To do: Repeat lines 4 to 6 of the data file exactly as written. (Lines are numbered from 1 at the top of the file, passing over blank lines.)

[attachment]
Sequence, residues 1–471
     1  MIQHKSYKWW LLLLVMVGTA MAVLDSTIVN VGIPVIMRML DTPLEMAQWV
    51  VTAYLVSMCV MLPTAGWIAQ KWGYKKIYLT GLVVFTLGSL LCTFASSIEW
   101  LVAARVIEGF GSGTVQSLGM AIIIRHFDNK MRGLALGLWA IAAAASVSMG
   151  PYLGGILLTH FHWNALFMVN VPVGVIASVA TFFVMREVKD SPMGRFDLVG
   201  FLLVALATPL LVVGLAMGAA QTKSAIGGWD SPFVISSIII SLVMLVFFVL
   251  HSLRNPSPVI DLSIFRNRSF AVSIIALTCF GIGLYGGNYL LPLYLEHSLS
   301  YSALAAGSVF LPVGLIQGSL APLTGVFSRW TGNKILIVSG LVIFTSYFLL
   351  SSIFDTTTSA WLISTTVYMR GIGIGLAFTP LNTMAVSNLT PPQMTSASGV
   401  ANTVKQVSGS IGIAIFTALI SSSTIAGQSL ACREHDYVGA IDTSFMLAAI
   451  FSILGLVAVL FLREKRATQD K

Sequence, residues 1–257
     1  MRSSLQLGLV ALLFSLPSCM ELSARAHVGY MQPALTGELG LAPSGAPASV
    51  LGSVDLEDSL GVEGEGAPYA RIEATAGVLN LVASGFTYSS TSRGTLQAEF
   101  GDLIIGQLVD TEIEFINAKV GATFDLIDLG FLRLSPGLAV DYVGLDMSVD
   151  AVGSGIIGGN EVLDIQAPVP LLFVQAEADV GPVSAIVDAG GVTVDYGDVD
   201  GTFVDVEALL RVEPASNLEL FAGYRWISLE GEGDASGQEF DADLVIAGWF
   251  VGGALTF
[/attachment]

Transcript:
   101  LVAARVIEGF GSGTVQSLGM AIIIRHFDNK MRGLALGLWA IAAAASVSMG
   151  PYLGGILLTH FHWNALFMVN VPVGVIASVA TFFVMREVKD SPMGRFDLVG
   201  FLLVALATPL LVVGLAMGAA QTKSAIGGWD SPFVISSIII SLVMLVFFVL